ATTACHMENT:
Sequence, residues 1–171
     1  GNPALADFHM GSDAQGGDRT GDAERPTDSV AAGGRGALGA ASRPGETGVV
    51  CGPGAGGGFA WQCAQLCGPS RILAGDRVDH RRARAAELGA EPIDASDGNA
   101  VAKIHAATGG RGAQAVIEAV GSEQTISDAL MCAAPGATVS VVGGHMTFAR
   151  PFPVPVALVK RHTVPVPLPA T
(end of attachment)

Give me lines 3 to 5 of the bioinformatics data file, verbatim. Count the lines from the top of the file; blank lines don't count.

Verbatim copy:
    51  CGPGAGGGFA WQCAQLCGPS RILAGDRVDH RRARAAELGA EPIDASDGNA
   101  VAKIHAATGG RGAQAVIEAV GSEQTISDAL MCAAPGATVS VVGGHMTFAR
   151  PFPVPVALVK RHTVPVPLPA T